Girgaum or Gamdevi (literally, the “village goddess”) developed from the small village in the foot of the Malabar Hill. This is reflected in its name – Giri + Gaum i.e. hill village. This is feature of all parts of Mumbai which have grown from small villages like these. The local word for such villages is “gaothan” and the cross-hairs of many builders and developers are on these prime locations. The narrow zig-zag streets, small courtyards outside homes, chickens fluttering around – some of the typical “gauthi” elements still remain under the shadow of skyscrapers.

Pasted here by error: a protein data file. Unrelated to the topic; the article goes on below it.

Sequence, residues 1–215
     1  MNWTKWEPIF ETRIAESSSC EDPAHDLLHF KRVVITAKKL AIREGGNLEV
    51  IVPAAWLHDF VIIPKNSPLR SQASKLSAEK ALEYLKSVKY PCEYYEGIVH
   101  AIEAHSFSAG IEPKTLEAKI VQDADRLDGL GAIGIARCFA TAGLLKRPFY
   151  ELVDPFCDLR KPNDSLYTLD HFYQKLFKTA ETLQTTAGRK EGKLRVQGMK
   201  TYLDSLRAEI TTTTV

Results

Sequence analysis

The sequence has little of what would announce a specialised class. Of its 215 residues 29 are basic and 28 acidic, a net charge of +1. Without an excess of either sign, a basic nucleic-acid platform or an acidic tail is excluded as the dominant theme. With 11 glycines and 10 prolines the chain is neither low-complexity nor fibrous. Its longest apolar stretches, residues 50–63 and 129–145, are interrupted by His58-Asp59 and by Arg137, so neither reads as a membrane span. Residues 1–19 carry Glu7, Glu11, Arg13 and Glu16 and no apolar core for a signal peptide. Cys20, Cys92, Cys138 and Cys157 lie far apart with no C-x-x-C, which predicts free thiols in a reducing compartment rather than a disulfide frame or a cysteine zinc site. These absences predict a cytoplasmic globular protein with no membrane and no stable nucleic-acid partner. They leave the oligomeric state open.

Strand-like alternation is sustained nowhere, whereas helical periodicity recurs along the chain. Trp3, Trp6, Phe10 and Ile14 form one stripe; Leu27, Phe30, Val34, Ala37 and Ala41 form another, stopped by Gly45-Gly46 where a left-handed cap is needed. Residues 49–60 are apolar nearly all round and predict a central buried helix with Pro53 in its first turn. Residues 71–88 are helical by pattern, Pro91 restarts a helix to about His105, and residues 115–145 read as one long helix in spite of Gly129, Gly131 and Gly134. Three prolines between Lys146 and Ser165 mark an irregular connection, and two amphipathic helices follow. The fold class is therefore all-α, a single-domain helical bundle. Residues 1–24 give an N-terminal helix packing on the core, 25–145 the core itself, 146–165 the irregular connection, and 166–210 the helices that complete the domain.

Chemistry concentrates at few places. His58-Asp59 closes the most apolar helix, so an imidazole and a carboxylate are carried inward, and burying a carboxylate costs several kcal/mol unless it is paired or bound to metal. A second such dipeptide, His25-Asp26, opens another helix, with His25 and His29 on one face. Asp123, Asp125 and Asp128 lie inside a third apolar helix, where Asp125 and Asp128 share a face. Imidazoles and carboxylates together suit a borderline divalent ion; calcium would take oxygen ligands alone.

Bombay has been a significant centre for political events which were part of the freedom struggle. The Quit India movement which was launched here by Aruna Asaf Ali who led the Congress session since everyone including Mahatma Gandhi were arrested or detained by the British. The maidan is just five minutes walk from Mani Bhuvan, Gandhi’s residence in Mumbai for many years.
Kalbadevi is a fascinating place to explore – trading, old bookshops, art deco cinema halls, communes called wadis, shady bars, restaurants and a variety of small temples, mosques, agiaries and churches sprinkled all over. Each of these establishments have their own history and associated legends. If you can brave the teeming crowds, there are many a Saturdays which you can spend walking here.